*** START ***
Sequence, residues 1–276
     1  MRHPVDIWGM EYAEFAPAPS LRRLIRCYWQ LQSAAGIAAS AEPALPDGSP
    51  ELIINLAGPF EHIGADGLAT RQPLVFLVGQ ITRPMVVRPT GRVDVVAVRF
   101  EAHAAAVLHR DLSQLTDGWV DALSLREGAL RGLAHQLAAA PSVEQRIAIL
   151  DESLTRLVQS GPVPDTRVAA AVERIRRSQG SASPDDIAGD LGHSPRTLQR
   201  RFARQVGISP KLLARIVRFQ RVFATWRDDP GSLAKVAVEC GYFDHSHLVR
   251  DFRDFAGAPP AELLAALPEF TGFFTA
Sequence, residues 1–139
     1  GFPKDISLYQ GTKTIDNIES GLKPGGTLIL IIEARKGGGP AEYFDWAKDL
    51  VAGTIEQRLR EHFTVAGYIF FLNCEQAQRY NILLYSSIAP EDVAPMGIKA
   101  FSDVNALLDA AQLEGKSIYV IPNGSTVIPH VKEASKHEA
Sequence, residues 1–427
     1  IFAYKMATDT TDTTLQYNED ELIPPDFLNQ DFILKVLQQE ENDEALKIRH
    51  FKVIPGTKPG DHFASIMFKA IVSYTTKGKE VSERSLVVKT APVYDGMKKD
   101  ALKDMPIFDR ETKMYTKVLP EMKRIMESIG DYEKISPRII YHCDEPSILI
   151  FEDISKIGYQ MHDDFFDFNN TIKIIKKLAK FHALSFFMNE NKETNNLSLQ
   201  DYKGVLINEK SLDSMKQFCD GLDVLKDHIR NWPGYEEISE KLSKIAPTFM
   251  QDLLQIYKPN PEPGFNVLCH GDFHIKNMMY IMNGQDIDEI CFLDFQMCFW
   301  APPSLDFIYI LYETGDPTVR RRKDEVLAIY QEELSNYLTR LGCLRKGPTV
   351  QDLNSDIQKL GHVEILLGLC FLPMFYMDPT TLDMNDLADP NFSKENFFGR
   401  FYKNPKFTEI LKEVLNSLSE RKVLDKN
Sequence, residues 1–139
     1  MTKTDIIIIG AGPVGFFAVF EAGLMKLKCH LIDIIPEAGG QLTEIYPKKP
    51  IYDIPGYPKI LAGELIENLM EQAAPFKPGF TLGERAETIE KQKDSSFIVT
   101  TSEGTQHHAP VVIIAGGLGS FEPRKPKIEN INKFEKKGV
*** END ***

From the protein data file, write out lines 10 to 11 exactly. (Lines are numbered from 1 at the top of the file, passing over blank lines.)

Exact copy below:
    51  VAGTIEQRLR EHFTVAGYIF FLNCEQAQRY NILLYSSIAP EDVAPMGIKA
   101  FSDVNALLDA AQLEGKSIYV IPNGSTVIPH VKEASKHEA